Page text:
Now it is time for my customary awesome quotables. One of the main arguments the author makes is that VG “music works across a game’s structure to encourage the user’s continued play. The game’s sequence is dependent on user input, so music that engages further participation can be said to function toward the continuity of the game play experience.” This can be a hard argument to make because of the diverse type of videogames, but it’s exciting to see someone credit VG music with more than simply setting the mood. And he backs up this argument with numerous examples. In the case of Super Mario, he states, “‘Dying'” in Super Mario Brothers (Figure 5) produces a staccato pulse followed by a conciliatory musical cadence … The music is a descending figure, mimicking Mario’s ejection from the playing field. The music is a coded message of failure reinforcing the consequence of having to replay the level one more time, but similar messages of success reinforce the successful completion of levels in the game…the satisfying ‘ching’ of collecting gold coins reinforces that behaviour which is strategically advantageous to advancing in the game.” I don’t know what staccato pulses or a conciliatory musical cadences are, but the author provided a link to an audio file that let me hear exactly what he was referring to (not that I didn’t know anyway).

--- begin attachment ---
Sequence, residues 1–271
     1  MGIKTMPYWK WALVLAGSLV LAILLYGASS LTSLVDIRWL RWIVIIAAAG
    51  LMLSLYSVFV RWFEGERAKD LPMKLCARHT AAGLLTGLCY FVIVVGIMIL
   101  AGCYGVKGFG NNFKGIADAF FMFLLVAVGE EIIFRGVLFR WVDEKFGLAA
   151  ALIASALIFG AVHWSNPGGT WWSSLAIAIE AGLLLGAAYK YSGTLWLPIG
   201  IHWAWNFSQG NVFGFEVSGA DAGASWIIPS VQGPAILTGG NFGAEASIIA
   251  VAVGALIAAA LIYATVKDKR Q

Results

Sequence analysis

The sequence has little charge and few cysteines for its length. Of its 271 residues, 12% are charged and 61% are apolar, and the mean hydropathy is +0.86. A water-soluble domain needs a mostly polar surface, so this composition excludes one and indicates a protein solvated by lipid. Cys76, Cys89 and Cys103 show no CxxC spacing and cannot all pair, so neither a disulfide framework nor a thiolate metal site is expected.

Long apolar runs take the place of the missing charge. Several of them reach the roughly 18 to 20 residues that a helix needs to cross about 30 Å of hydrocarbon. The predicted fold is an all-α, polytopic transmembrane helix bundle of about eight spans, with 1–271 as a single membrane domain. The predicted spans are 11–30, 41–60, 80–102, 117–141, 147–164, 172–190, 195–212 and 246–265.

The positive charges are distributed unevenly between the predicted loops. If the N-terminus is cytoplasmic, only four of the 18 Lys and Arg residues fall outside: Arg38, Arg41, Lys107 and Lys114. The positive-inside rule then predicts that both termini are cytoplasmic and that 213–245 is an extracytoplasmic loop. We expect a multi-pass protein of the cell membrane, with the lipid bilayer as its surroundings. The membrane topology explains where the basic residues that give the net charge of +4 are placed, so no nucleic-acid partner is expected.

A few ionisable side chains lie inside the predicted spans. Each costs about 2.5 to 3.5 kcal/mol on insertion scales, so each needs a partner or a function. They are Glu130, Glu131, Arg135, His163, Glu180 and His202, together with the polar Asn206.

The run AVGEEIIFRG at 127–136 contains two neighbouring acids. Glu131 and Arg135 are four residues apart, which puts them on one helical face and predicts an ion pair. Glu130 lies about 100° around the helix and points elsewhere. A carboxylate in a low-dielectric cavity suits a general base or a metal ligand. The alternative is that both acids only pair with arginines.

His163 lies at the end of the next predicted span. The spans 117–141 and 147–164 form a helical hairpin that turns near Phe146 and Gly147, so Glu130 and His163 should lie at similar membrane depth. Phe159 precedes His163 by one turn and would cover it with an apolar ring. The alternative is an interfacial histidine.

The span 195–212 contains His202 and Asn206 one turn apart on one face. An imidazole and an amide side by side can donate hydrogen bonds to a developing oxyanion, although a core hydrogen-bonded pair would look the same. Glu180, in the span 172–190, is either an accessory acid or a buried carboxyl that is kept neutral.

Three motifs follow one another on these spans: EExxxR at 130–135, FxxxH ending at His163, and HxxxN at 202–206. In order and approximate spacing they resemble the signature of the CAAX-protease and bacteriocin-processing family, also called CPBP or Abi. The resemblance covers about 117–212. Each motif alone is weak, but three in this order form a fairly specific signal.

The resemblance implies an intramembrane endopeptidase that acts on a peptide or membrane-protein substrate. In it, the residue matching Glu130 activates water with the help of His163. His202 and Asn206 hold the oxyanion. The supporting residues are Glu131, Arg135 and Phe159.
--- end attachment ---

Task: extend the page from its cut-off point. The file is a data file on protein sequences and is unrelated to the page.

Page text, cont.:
Another interesting aspect of VG music he points out is that it can shift from diegetic to non-diegetic. Diegetic refers to music that is produced and audible in the game world by game characters. For example, when Link plays the ocarina, this is considered diegetic music as it is occurring in game world. Non-diegetic refers to theme songs and ambient music that accompanies gameplay but is not produced in the gameworld. Players can hear non-diegetic music, but characters can’t. The author uses Ocarina of Time as an example of how both types of music can be used to communicate with players on a number of levels. He refers specifically to “the melody that must be played to perform “Saria’s Song” which permits teleportation to the Lost Woods area of Hyrule. In the Lost Woods, the looping theme music (Object 9) extends and elaborates Saria’s song in a straightforward “theme and variations” structure. Thus, the musical heuristic merges with the fictional space of the Lost Woods’ theme…so the atmosphere music also acts as melodic foreshadowing to the extent that often goes unrecognized, and as a result, players report feelings of déjàvu as the melodies they must learn have an eerie familiarity.” Basically, the non-diegetic ambient music of the Lost Woods is later introduced as the diegetic melody of Saria’s song, and this creates an emotional response in the player towards the newly acquired, melodic tools.
Another awesome example of how diegetic and non-diegetic music work together in videogames is the radio in Silent Hill “since this is also a strategic device built into the game and because it merges with the soundtrack though its source is visibly present in the game environment, the radio’s sounds again blend a motivational cue with atmospheric sounds of the fictional space.”
cool beans. I’m starting to feel that afternoon slump right about now, so without anymore gilding the lily, and without any further ado…